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Go deeper: The challenge of reuniting immigrant families

A child holds a sign that reads, "Families Belong Together," during a protest of family separation.
Photo: Carlos Tischler/Getty Images

President Trump said on Twitter Saturday morning that his administration is doing "a much better job" when dealing with children at the border than the Obama administration.

The big picture: While it's been reported that hundreds of children are being reunited with their families, there still doesn't seem to be an established process for doing so after Trump's executive order earlier this week failed to address the issue.

What's happening

  • Around 500 children that were separated have been reunited with their families since May, the Associated Press reported and CBS confirmed.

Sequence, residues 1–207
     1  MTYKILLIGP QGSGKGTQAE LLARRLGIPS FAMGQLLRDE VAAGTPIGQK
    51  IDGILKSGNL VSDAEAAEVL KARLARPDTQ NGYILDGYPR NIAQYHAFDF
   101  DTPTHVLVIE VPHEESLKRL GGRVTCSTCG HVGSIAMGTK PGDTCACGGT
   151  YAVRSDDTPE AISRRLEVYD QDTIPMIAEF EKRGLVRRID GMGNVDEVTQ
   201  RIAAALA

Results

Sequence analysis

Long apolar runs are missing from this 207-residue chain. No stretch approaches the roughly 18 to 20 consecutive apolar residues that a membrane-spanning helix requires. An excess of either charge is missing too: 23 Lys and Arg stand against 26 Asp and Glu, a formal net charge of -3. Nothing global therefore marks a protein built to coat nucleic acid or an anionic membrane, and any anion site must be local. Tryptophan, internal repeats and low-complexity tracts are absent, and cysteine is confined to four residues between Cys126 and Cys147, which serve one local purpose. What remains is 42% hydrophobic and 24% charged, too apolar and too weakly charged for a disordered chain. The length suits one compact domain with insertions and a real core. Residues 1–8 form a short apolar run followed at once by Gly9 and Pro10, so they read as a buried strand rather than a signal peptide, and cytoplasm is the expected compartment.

• Some parents are opting to be deported without their children, an Immigration and Customs Enforcement (ICE) official told lawmakers, according to CNN, "so the children can go through the immigration system."
  • Many children have been relocated to "far-flung shelters and foster homes nationwide," per CNN, often making it difficult to find them and reunite them with their families.

What comes next

  • Per the AP, ICE and the Department of Health and Human Services "are working to set up a centralized reunification process" in Texas.
  • With 500 children reunited, that could leave around 1,800 kids still in federal custody as there was a reported 2,300 children separated from their families.
  • The House pushed back a vote on its compromise immigration bill until next week. Per Axios' Stef Kight, it's unlikely to pass — and its failure would close another door to allowing Homeland Security to keep migrant families together in detention longer than 20 days.
  • A former DHS official and ABC News consultant, John Cohen, warned that "zero-tolerance policies" can overwhelm the criminal justice system, as resources will be allocated to handling illegal border crossings and not on "more serious issues in communities," and facilities will overflow with people.